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Why Cameron is cycling towards election victory

David Cameron at the footballThere is a scene in The West Wing, part way through Barlett’s campaign for a second term, when Toby Zeigler becomes aggravated by the constant appearance of banners demanding “Barlett for President”, insisting – rightly – that they should declare “Bartlett is President”.

It’s an interesting vignette designed to demonstrate the assumed political truism that the incumbent of any given office automatically has an advantage over any pretender: A fact which is almost always true in politics.

The incumbent should have an advantage, since people inevitably like to vote for something known over something unknown. Political parties all too often forget that people don’t vote on the basis of promises, but on the basis of actions: Telling people you’ll do all of what they want can never rival the power of actually doing some of what they want.

On top of this, the incumbent has the advantage, by default, of being the more Presidential or Prime Ministerial figure – exactly the kind of figure one would want leading a nation, and hence the one most people are likely to vote for. People have great difficulty seeing past superficial appearances, as has been proved so many times in so many fields.

Yet, at times of major political flux, the rules of the game inevitably change. The last such occasion was 1997, a seminal year in many spheres and hence unsurprisingly a seminal year in the political world as well. People had become tired of a government which itself had become tired, and of a Prime Minister who really had little more to do.

Compare this with Tony Blair’s two election victories as Prime Minister. He was able to compare the state of the nation at the time of the election with the pre-1997 state of the nation, and make a convincing argument for improvement. He could cherry pick his greatest achievements and promised to build upon them. He had the incumbent’s advantage, and it served him well.

Yet now, in 2008, Labour’s greatest achievements no longer resonate. We’ve tired of hearing of the New Deal, the minimum wage is old news, and NHS reform has been done to death. It seems like this government has nothing new to do – it’s done it all before, and we’re comparing Labour’s current promises with Labour’s previous delivery. The ‘bad old days’ of the Tories have slipped from the public conciousness, and it’s now very difficult for Gordon Brown to make a case for Labour’s successes without comparing to Labour’s previous failings.

Indeed, even systemic failures of government – such as the recent furore over MP’s expenses – now enter the public conciousness as failings of Labour by default, as they are in government, even though they are often cross-party failings which should tar the Parliamentary machinery as a whole. Labour, as the party of government, gets all of the negative publicity, yet very little positive publicity for reform work since it appears that most of it is already underway. There are few earth-shattering initiatives left to announce, and the media quickly tire of reporting ongoing work.

The fact is that David Cameron now has the advantage. He’s able to point out the failings of the Labour government without having to defend the failings of previous Conservative governments. In many ways, this moving forward of the agenda is his greatest achievement to date.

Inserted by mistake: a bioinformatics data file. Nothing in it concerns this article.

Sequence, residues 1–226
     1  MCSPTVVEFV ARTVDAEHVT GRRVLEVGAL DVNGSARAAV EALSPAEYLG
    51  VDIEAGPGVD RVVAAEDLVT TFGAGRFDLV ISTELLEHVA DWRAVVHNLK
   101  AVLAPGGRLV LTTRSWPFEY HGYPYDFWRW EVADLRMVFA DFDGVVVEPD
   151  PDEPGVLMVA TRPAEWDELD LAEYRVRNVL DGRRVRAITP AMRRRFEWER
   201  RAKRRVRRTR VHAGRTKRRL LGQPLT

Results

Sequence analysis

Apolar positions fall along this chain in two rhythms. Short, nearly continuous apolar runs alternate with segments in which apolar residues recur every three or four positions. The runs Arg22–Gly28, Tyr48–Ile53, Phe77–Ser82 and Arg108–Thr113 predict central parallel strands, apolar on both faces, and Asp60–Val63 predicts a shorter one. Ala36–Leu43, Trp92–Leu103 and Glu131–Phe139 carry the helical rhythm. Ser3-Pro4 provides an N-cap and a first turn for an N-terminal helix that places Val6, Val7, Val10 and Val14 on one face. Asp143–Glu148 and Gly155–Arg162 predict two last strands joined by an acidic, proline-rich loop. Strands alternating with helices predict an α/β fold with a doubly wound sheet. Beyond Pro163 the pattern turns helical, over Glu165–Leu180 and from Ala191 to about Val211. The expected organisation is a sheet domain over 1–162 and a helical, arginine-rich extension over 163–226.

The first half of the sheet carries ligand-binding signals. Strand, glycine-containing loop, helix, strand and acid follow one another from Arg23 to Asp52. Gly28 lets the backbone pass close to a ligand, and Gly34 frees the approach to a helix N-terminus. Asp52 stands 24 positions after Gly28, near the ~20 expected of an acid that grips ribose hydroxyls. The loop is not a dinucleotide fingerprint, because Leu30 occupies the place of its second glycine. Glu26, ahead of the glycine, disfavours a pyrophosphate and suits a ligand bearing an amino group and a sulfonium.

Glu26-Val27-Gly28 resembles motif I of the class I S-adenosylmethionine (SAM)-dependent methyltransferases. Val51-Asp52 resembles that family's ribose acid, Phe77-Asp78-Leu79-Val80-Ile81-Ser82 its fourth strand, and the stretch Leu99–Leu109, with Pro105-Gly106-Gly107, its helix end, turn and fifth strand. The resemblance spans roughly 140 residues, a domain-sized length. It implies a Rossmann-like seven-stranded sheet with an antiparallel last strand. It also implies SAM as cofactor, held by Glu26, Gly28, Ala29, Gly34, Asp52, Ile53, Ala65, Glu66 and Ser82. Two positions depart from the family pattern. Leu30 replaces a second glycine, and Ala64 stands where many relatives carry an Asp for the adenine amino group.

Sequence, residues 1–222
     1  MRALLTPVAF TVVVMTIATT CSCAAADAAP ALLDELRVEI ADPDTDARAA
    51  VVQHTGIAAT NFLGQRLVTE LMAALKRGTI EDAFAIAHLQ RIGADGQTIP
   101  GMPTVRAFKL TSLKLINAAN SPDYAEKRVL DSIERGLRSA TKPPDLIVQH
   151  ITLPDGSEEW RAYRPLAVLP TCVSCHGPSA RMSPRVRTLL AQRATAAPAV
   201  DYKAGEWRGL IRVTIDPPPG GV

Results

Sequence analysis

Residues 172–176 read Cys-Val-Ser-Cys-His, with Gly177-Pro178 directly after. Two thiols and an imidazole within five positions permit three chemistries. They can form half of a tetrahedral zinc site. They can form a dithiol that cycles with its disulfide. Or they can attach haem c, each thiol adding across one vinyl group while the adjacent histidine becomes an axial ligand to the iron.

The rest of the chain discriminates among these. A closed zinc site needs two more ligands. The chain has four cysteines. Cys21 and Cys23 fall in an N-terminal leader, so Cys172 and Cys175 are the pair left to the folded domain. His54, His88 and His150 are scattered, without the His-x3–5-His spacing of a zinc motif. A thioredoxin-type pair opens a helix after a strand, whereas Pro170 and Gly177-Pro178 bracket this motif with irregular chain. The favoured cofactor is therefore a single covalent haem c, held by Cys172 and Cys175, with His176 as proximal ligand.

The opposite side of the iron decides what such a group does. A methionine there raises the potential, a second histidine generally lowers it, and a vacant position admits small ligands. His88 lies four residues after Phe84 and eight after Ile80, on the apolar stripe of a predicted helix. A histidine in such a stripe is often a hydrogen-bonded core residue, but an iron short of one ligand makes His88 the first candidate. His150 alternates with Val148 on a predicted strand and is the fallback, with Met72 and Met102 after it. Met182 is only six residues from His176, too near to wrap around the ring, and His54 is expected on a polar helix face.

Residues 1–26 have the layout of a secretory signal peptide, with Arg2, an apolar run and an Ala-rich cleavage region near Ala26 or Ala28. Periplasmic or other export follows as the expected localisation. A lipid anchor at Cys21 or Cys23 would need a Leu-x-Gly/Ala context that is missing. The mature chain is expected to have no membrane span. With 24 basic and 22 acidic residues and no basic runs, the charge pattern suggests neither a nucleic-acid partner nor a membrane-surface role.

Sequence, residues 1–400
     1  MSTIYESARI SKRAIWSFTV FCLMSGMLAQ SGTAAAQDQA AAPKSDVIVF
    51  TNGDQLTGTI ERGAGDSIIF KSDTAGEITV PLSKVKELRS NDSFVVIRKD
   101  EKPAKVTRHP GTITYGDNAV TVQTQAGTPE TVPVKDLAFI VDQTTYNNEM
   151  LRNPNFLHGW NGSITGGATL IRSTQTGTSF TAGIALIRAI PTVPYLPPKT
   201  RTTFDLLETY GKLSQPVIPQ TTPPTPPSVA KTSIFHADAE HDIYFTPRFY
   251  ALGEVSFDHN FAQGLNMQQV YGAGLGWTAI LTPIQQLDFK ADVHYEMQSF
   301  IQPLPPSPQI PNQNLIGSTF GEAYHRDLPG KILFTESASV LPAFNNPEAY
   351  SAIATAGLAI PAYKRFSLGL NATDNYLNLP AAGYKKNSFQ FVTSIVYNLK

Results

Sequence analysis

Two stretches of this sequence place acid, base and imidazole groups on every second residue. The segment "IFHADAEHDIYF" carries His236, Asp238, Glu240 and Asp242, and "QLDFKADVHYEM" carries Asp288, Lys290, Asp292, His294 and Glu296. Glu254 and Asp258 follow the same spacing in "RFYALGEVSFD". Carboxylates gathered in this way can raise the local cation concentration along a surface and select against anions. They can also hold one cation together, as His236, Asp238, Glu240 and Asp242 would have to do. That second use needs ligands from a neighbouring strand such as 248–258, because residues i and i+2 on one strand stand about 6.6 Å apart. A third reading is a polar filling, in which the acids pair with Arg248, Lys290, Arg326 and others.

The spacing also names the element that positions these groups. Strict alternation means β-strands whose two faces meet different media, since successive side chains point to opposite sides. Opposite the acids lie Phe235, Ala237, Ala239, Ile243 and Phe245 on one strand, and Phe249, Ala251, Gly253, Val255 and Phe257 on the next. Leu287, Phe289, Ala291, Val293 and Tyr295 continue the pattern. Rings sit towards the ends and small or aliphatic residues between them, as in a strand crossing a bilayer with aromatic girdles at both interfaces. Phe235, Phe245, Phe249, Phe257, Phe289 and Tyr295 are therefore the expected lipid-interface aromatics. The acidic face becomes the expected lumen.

David Cameron is now able to play the ‘one of us’ card which Tony Blair used so effectively in 1997. Cameron wants to show that he’s not part of the ‘establishment’. He listens to Morrissey, he thinks you should consider the whole man not just the political front, and any political faux pas merely plays in his favour.

The recent coverage of him breaking cycle laws is a PR gift, likening him to almost anyone who’s ever ridden a bike rather than a nitpickingly law-abiding po-faced politician. Similarly, his refusal to answer questions about whether he’s taken cannabis merely leads much of the population to assume that he has – and hence identify with him further.

The well-oiled media machine around Cameron helps him to cultivate this image perfectly – anything which might be to it’s detriment is quickly swept under the carpet, whilst extensive comment and hence more extensive copy is given to ’embarrassments’, like the cycling incident, which actually improve his image.

At present, David Cameron is playing a blinder, and the most incredible part of his strategy is that every jibe coming from attack-dog Labour only enhances his image – it comes across as the formed establishment trying to keep out the young incoming reformer.

All-in-all, it’s difficult to see where Cameron can go wrong at this point. The only effective strategy Labour has is to expose him as a carefully managed establishment figure – but in so-doing, they can only expose themselves as the same, and probably end up harming their own campaign as a result.

The results of the upcoming local elections will be fascinating. Whilst local elections rarely form an accurate reflection of the national game, it will be interesting to see if the Conservatives can make the gains necessary to solidify their position as the certain electoral leaders and gain yet more momentum going forward.

Essentially, though, even if the Conservatives fail to make huge gains in these elections, it’s unlikely Labour will, and so the worst possible outcome is neutral. In essence, as far as I can see and unless something radically unexpected happens, there’s no way the next government can be Labour: Cameron is quickly cycling towards election victory.

» Image Credit: Picture taken by Alison Ratcliffe, modified under licence.

This post was filed under: News and Comment, Politics.

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